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In physics we would restrict the boundary conditions to not allow x to be zero in these cases and then everything works as expected.

When I was an undergrad physics major, we were taught that math is the language of physics and a tool of physics but we didn’t worry so much about the rigor only about the boundarymconditions to avoid infinities or undefined values.

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There are different kinds of such points, i.e. singularities, and how to deal with them or how to think of them depends on what you want to do. The Wikipedia link will give you some insights.I'm not sure how I am supposed to be thinking about all of this. Is there some sort of redefining of process of these functions for these situations? I'm aware of L'Hostpitals Rule for indeterminate forms, but it has never occurred to me that I should use it in these situations where I'm simplifying a basic function.

That's why mathematicians categorized them and founded measure theory. And without much effort silently changed the physicists' way of integration form Riemann (Archimedes) to Lebesgue (QM)In physics we would restrict the boundary conditions to not allow x to be zero in these cases and then everything works as expected.

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Because for every value of xIn solving physics problems, I have often done some type of simplifying where I eliminated an x in the numerator and denominator, or eliminated some other terms. For example, maybe I have something like ## \frac {x} {x^2 + x} ## and I simplify this to ## \frac {1} {x+1} ##. Or I have something like ## \frac {x-1} {x^2-2x+1} \to \frac {x-1} {(x-1)^2} \to \frac {1} {x-1} ##. Typically, this is something I've taken for granted and done without much thought. But it dawned on me that in the first example, the original function is undefined at x=0, and the simplified version is one, at x=0 but has asymptotic behavior around x=-1. Also to get to this simplified version, by factoring out an x in the numerator and denominator, I had to assume ## \frac {x} {x} =1 ##. But ## \frac {x} {x} ## is undefined at x=0, so how can I simply assume it is 1?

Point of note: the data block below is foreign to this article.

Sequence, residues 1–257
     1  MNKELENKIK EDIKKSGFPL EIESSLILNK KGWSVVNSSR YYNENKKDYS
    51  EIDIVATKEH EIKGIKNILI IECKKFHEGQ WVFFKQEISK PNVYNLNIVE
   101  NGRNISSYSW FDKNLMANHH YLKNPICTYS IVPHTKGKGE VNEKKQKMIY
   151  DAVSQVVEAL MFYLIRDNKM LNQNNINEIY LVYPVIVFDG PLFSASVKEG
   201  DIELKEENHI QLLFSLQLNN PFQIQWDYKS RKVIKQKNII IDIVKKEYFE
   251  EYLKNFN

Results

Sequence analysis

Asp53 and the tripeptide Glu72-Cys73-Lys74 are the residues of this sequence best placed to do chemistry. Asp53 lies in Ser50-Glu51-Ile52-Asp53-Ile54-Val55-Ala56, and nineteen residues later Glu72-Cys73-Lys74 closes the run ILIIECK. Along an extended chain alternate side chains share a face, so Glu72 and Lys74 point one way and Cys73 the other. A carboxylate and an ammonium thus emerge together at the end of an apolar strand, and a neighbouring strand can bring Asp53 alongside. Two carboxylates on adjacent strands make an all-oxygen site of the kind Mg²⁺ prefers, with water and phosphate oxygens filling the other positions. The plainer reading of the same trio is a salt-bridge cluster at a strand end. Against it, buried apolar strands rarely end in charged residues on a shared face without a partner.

That's not quite right. The left-side limit is ##-\infty## and the right-side limit is ##\infty##.kmm said:For the second example, ## \frac {x-1} {x^2-2x+1} ## is undefined at x=1, but ## \frac {1} {x-1} ## goes to infinity at x=1.

The same as in your example of ##\frac x x##. The graph of ##y = \frac{x - 1}{x - 1}## is identical to the graph of ##y = 1## except for a point discontinuity at (1, 1).kmm said:And to go from ## \frac {x-1} {(x-1)^2} \to \frac {1} {x-1} ##, I again had to assume that ## \frac {x-1} {x-1} = 1 ##, but this is undefined at x=1. I'm not sure how I am supposed to be thinking about all of this.

When you simplify something like ##\frac x {x^2 + x}## to ##\frac 1 {x + 1}## you should explicitly state that x cannot be 0. It's not necessary to state that x can't be -1, since it is clearly not in the domain of either expression.kmm said:Is there some sort of redefining of process of these functions for these situations? I'm aware of L'Hostpitals Rule for indeterminate forms, but it has never occurred to me that I should use it in these situations where I'm simplifying a basic function.

In another of your examples, simplifying ##\frac{x - 1}{(x - 1)^2}## to ##\frac 1 {x - 1}##, it's not necessary to state that ##x \ne 1##, because it's obvious in both expressions that x can't be 1.